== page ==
Aug

11


I’m not a medical person; I know what I know from my own experience and from talking to other donors. Here’s my advice, anyway.

1. Make contact. If you don’t already have a recipient in mind, you can talk to your local transplant hospital, and staff there can choose a donor or donor chain for your kidney. Or you can find a particular person to donate to through a matchmaker or website.

2. Educate yourself about donation. It may scare the pants off your family and friends that you want to do this, and a little knowledge can go a long way toward easing their fears, which will make your life a lot simpler, trust me.

Some facts that helped the people in my life are:

- Your second kidney is generally not a backup for your first kidney. If something goes wrong, whether you have one kidney or two, you’re about to have zero, because they nearly always live or die as a system. (The exception is injury. Intense physical sports can cause injury to one kidney. If you love participating in football, mountain biking, etc., kidney donation may not be for you.)

- With two kidneys, a healthy person has 3 to 4 times the renal function s/he needs. With one kidney, you still have more than you need. You are not forever weakened by donating a kidney. In fact, in a recent study, kidney donors lived just as long or longer than a control group of similarly healthy two-kidney people.

- A small percentage of people are born with one kidney. Most never know.

- People cannot live on dialysis indefinitely. You are saving someone’s life, not just making it better.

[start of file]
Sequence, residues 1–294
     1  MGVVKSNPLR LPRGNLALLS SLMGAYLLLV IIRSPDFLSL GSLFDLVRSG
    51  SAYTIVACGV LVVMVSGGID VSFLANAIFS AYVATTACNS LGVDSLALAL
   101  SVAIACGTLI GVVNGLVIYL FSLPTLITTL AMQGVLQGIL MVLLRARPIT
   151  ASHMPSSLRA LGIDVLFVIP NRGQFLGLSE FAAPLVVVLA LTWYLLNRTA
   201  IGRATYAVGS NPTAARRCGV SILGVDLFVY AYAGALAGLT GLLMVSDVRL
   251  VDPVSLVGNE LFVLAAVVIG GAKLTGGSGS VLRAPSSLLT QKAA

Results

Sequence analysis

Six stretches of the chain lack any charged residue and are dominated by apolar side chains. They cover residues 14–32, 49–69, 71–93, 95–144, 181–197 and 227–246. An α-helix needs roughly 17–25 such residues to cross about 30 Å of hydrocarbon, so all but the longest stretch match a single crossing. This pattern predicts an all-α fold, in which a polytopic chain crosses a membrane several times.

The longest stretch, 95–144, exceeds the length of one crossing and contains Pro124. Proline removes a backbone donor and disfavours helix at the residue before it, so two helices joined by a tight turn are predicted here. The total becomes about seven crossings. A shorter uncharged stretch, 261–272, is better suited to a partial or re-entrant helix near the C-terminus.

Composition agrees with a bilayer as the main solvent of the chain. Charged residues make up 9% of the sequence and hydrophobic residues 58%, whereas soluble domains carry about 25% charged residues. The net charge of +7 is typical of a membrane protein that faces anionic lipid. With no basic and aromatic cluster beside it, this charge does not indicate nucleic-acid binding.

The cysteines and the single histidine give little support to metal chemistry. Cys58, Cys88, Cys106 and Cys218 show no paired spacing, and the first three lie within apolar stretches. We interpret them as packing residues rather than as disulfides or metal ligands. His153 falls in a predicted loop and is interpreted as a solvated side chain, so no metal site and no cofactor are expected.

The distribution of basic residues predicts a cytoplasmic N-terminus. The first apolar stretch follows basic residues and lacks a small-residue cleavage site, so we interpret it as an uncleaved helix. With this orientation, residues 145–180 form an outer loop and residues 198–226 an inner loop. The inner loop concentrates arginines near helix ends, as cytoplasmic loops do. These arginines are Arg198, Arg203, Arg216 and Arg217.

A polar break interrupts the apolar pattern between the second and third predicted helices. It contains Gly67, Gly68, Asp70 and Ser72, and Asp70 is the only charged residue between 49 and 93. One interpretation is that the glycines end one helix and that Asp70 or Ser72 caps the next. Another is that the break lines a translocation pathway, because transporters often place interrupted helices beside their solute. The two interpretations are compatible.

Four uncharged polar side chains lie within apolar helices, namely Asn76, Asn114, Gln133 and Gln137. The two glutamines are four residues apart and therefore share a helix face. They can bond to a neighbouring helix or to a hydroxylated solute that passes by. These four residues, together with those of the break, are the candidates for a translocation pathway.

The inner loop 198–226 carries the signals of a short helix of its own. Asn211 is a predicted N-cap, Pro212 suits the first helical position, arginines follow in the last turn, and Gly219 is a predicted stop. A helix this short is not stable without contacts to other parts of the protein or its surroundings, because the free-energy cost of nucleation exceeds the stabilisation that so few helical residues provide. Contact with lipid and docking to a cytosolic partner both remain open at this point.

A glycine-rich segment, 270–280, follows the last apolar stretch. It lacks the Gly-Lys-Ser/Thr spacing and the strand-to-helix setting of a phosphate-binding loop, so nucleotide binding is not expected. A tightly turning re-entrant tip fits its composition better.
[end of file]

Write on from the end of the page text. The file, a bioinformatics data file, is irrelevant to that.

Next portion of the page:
- Donors are tested for all kinds of stuff. You will know more about your health after this process than most people do, and you might find out something that will save your life.

- If you are not healthier than the average person, the doctors will not let you donate your kidney.

- It doesn’t cost you anything to donate your kidney. The transplant center will assign you a coordinator and/or social worker who will help with the details.┬áThe recipient’s insurance will nearly always pay your medical costs, including testing. (If not, talk to your transplant coordinator about options for grants.) If you have to travel, there are grants that will cover those costs. Mine was through the National Living Donor Assistance Center. Talk to your job about short-term disability insurance for your time away from work.

3. Be persistent. The medical people want to make sure that you really want to do this, and so it may take a little persistence to get all the tests you need scheduled and to keep everything on track for your transplant. Which is an understatement.

4. Be patient. No one is in any kind of hurry, strange as it may seem. Also, the transplant staff may treat you as though you are potentially unbalanced or possibly donating for profit, particularly if you are donating to a stranger. That is because their job is to screen out people who are unbalanced or donating for profit. See #3.

5. Keep your eyes and ears open. Medical tests can be pretty interesting when you know you (probably) aren’t sick; ask questions, and you’ll learn some cool stuff about your body. Take in the full waiting room experience, too, if you have any doubt about the importance of what you are doing.

6. If you don’t match the person you test for, don’t walk away. Sign up for a paired donation with your person (I donate to your friend; you donate to mine), or donate to a stranger. You’ll never regret it.

7. Expect to be amazed. Yes, you’re saving someone’s life. Good for you. But you’re also about to have the most interesting, exciting, joyful experience. I didn’t really believe it, either. You’ll see.